Here I use automatic current selection, at first it selects a very low current, when it checks the internal resistance it increases the current to maximum.
Display shows: 19:12 3407mAh 54mOhm


M1: 28,1°C, M2: 28,6°C, M3: 44,9°C, M4: 35,0°C, HS1: 45,7°C
Here the reason for the fan is obvious, I have not seen any other charger with batteries this cool when discharging. All the heat is kept away from the batteries, even at 1.5A.


M1: 41,1°C, HS1: 63,7°C
Somewhere inside the charger it is a bit warm.

Charging 4.35V LiIon


Nothing surprising here, I used auto and the cell was a bit old, i.e. the charge current is rather low.
Display shows: 25h 2558mAh 593mOhm

Charging 3.6V LiFePO4


Display shows: 3:44 1113mAh 113mOhm


The charger has no problem charging LiFePO4 batteries, but it cannot really decide when to stop.
Display shows: 5:00 479mAh 409mOhm

Charging NiMH

Currents: auto, 0.1, 0.2, 0.3, 0.5, 0.8 and 1.0


This NiMH charge looks like a good -dv/dt termination and as can be seen on the temperature track the cell is full.
Display shows: 2:07 1982mAh 222mOhm


The other slot is the same.
Display shows: 2:13 2040mAh 81mOhm


It also works fine with automatic current selection.


But not as well with this old cell.


Here the charge selected a very low charge current and that means no -dv/dt signal, after 500 minutes the charger gives up and reports error.


Same with this cell.


The AAA cell is handled fine.
Display shows: 3:44 716mAh 184mOhm


The charger can terminate at fairly low current, here I selected 0.2A and it did terminate albeit a bit slow.


Using -dv/dt usual means it takes some time to detect a full cell and on this charger it definitely does.


No problems charging two cells with 1A at the same time.


The charger needs about 0.4A from 12V for it.


M1: 36,9°C, M2: 37,2°C, M3: 34,1°C, HS1: 52,0°C


The startup with NiMH is different from LiIon, here it first charges slowly for some time, then increases current and then turns current off, after that it have measured the internal resistance and can select a charge current.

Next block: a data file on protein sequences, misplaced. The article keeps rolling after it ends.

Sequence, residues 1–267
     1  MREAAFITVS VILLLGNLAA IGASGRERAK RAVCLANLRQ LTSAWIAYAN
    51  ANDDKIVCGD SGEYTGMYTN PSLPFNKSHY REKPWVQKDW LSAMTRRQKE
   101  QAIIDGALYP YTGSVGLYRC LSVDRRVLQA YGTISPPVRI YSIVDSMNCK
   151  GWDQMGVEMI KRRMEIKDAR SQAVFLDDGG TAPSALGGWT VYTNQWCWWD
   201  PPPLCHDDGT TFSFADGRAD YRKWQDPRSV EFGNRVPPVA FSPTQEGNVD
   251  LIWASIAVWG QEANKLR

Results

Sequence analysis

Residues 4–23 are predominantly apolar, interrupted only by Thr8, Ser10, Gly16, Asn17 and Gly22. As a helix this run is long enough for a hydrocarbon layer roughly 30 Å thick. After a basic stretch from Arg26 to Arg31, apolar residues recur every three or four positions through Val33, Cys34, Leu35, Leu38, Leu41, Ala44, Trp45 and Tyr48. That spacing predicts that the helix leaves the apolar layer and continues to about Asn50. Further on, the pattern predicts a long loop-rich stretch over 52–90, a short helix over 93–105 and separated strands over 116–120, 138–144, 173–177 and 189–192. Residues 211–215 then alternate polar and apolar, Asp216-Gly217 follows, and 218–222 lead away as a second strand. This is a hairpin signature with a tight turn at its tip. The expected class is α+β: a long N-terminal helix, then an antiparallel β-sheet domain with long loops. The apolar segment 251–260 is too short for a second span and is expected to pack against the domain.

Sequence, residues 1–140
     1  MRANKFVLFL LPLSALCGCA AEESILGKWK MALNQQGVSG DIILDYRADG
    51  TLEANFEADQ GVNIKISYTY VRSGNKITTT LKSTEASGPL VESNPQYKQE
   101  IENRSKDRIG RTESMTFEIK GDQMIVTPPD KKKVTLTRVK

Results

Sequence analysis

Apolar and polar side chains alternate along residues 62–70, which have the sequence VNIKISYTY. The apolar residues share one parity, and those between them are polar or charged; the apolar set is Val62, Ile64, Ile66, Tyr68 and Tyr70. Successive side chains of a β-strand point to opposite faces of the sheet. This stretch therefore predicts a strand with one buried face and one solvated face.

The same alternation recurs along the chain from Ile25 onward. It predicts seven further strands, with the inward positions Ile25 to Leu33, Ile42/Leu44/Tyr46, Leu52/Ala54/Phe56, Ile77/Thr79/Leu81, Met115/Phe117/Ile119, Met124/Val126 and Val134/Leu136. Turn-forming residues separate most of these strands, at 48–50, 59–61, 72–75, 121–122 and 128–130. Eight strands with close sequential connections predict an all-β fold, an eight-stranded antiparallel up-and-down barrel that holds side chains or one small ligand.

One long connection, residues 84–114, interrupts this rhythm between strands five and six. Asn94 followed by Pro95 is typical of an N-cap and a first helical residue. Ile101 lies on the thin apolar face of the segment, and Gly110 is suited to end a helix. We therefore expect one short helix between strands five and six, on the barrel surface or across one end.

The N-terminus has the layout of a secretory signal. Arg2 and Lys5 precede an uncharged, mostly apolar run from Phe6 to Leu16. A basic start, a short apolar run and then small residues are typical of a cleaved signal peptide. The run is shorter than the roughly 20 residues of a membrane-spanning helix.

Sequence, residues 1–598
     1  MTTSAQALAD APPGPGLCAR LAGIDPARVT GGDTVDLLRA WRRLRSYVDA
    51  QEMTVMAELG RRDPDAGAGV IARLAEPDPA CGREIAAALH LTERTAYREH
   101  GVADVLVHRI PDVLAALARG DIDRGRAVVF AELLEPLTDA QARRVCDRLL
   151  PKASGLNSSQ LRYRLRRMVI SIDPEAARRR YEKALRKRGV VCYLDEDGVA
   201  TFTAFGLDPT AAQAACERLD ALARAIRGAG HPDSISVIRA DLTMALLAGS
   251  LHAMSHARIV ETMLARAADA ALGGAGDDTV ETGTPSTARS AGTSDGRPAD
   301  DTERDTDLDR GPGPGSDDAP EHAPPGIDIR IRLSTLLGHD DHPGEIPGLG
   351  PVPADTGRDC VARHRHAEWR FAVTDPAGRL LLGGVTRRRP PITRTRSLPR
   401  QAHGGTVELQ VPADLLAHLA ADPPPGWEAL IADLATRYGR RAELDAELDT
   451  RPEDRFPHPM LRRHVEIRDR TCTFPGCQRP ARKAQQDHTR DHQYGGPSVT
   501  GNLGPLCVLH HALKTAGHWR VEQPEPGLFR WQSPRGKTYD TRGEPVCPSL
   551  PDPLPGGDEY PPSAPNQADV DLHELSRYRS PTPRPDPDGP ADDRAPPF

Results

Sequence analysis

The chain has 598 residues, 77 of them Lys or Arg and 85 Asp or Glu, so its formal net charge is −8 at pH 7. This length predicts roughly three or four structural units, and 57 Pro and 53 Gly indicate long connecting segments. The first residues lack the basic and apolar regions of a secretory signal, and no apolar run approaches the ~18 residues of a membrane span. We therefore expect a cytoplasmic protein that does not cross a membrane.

The display reflects this, at first it will only show voltage and current, after the IR check it will also show internal resistance.


During charging it will pause once in a while to measure voltage and probably also internal resistance.


When staring on a current change the current is turned off, until the selection times out.

Testing NiMH

The charger can test batteries, this includes a charge, a discharge and a final charge at the selected current (including auto).
When discharging the fan is used (The fan runs at full speed).


The charger will reduce the discharge current when the battery is nearly empty.
Display shows: 6:15 1917mAh 68mOhm


This slot works the same way.
Display shows: 6:25 1919mAh 81mOhm


Here auto selected a lower charge current and the discharge current is also reduced.


There is no problem discharging two batteries at a time.


M1: 28,0°C, M2: 27,8°C, M3: 31,2°C, HS1: 31,5°C
Again the fan secures very cool batteries.

Internal resistance


The first table is for LiIon and it looks very good, but you have to be careful with getting good battery connections. I was not and got anything from 51mOhm to 191mOhm on the same battery. When I add the cable and resistors I was more careful, the connection resistance will only vary a few mOhm and as can be seen the charger produces very stable and precise results.


Here I had much better luck with the battery connection. Again the charge do a very good job, at least most of the time. It cannot detect the 10mOhm resistor, I wonder if there is a bug in the software (Could be rounding errors).

Testing the power supply with 2830 volt and 4242 volt between mains and low volt side, did not show any safety problems.


This charger is a an advanced analyzer with both charge and capacity test functions, mostly it works well, but there are a couple of details that could be improved:

LiIon is handled fine and the automatic current selection works well, the fairly high restart voltage can be discussed.
On LiFePO4 the termination is not very good, it restart all the time.
On NiMH it has problems with old cells
The user interface could be improved, the current selection is easy, but selecting different functions/chemistries is not very logical.

Some good details:

The discharge function do not heat the batteries, due to the fan.
Can do fairly high discharge current.
Internal resistance measurement is precise.
It supports from AAA to D or 10440 to 32650 sized batteries
Good LiIon & NiMH batteries are charged fine.

I will call it a good charger for LiIon and NiMH batteries.


The charger was supplied by a Miboxer for review.

Here is an explanation on how I did the above charge curves: How do I test a charger